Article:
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“The US stock market... is rigged.” That was Michael Lewis’ one sentence summation of his new book Flash Boys on last night’s 60 Minutes.
In an excerpt of the book in the NYT, Lewis writes that around 2007, one of the Royal Bank of Canada’s stock trading teams began seeing odd market behavior: quotes vanished as soon as orders were entered. Other big banks and hedge funds were having the same problem. In trader-talk, the market kept moving away from them, no matter what they bid or offered. High-frequency traders were milliseconds ahead, buying, selling, and, perhaps most importantly, canceling quotes faster than RBC. The market wasn’t fair, and speed was the reason why.]
“High-frequency trading is a tax on investors”, says Barry Ritholtz. Institutional investors pay a “skim” to HFT shops on every trade. Just how big the skim is is unclear – Lewis puts the daily gains from US HFT trading at $160 million, or about 0.07% of average daily volume of $225 billion – but its very existence is, to Ritholtz, “prima facie proof that something is amiss”.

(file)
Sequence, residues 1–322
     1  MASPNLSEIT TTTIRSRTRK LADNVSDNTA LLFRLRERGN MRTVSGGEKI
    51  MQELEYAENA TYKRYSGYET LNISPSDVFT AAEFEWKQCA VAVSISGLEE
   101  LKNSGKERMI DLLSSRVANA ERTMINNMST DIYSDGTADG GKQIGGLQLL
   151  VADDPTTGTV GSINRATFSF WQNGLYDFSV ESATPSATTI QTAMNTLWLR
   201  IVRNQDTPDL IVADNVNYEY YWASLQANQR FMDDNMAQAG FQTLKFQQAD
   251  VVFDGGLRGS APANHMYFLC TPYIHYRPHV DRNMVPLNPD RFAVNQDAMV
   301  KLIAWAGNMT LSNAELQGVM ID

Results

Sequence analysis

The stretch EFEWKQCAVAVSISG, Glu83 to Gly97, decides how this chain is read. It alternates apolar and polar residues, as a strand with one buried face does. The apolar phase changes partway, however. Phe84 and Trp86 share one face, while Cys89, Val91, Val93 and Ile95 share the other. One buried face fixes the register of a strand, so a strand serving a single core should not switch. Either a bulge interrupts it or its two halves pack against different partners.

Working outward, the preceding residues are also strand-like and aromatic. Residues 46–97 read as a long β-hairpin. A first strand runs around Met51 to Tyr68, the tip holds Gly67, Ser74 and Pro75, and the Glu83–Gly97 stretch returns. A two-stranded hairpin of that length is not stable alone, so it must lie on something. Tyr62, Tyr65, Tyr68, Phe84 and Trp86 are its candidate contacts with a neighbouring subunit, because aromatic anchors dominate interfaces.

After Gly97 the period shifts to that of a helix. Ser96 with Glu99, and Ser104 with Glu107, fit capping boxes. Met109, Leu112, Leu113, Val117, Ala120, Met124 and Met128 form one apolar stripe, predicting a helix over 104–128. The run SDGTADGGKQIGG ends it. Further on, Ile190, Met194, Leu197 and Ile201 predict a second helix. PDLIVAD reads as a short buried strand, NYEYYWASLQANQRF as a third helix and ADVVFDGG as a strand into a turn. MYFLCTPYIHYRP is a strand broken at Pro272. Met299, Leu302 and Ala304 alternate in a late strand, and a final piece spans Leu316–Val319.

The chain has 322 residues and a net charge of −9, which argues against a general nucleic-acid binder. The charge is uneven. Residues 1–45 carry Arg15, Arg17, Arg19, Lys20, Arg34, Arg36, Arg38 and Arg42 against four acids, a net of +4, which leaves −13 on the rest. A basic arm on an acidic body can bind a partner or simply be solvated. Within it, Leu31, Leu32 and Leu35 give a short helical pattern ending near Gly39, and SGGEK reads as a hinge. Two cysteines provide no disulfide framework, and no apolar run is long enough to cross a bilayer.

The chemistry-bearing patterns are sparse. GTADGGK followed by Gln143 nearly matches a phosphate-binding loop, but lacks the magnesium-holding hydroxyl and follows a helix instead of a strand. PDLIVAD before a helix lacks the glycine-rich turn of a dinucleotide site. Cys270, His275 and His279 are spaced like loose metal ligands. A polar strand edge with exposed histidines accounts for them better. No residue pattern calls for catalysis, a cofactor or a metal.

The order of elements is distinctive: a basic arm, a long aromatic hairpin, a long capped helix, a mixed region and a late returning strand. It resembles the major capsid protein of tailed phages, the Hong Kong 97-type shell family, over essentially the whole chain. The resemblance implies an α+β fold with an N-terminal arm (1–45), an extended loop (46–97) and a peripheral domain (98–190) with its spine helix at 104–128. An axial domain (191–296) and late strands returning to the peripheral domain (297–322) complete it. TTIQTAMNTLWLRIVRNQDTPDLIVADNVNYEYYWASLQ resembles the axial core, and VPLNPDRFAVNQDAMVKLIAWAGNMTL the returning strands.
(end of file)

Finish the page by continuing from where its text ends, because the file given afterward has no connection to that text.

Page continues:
Matthew O’Brien calls HFT “Wall Street at its most socially useless. HFT funds aren't allocating capital to where they think it'll be most productive. HFT funds are allocating capital to where they think other people will put it 50 milliseconds from now”.
Josh Brown isn’t too worked up. Summoning his inner Carl Schmitt, he points out that the intention of the founding of the US stock market in 1792 was to create an exclusionary clique that benefited members and disadvantaged outsiders: “once they’d seized control of all securities trading... they ran that shit like a powdered-wig mafia”.